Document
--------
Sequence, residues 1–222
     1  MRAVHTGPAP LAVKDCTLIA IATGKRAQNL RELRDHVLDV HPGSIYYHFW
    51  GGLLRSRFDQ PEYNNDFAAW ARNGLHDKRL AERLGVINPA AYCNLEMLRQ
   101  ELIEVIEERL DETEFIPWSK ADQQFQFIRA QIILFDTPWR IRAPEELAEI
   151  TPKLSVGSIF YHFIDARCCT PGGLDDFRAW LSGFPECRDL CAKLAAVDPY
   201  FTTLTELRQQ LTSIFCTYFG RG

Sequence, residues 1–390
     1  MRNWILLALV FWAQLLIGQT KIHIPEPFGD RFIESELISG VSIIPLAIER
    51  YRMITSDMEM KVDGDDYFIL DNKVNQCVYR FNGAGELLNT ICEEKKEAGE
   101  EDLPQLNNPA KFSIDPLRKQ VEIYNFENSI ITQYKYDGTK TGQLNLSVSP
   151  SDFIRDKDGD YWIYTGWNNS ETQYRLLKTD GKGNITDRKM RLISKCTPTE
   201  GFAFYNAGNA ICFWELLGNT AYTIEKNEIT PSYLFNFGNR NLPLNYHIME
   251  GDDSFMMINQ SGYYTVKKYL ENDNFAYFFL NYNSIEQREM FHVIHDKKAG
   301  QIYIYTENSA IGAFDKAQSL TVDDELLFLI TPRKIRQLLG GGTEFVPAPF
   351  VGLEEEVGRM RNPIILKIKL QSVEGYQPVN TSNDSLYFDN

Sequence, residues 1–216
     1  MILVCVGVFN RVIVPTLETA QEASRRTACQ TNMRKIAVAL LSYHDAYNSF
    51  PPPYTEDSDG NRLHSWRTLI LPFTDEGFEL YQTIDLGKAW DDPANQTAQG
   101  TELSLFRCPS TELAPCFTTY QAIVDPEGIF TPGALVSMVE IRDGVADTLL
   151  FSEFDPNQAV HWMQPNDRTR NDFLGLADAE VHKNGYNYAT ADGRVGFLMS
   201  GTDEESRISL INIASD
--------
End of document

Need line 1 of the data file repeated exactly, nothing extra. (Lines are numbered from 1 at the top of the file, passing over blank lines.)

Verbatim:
Sequence, residues 1–222